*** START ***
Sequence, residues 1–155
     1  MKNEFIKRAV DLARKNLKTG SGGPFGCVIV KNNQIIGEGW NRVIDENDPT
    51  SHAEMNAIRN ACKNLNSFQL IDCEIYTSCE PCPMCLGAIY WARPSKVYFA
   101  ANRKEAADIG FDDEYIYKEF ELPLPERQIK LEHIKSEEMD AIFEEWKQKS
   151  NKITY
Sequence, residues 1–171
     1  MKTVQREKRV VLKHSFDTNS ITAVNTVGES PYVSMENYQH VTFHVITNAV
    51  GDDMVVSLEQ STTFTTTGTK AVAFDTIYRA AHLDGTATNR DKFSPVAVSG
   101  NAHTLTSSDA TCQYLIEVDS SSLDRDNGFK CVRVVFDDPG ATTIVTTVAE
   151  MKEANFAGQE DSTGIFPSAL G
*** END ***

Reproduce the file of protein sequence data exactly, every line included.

Sequence, residues 1–155
     1  MKNEFIKRAV DLARKNLKTG SGGPFGCVIV KNNQIIGEGW NRVIDENDPT
    51  SHAEMNAIRN ACKNLNSFQL IDCEIYTSCE PCPMCLGAIY WARPSKVYFA
   101  ANRKEAADIG FDDEYIYKEF ELPLPERQIK LEHIKSEEMD AIFEEWKQKS
   151  NKITY
Sequence, residues 1–171
     1  MKTVQREKRV VLKHSFDTNS ITAVNTVGES PYVSMENYQH VTFHVITNAV
    51  GDDMVVSLEQ STTFTTTGTK AVAFDTIYRA AHLDGTATNR DKFSPVAVSG
   101  NAHTLTSSDA TCQYLIEVDS SSLDRDNGFK CVRVVFDDPG ATTIVTTVAE
   151  MKEANFAGQE DSTGIFPSAL G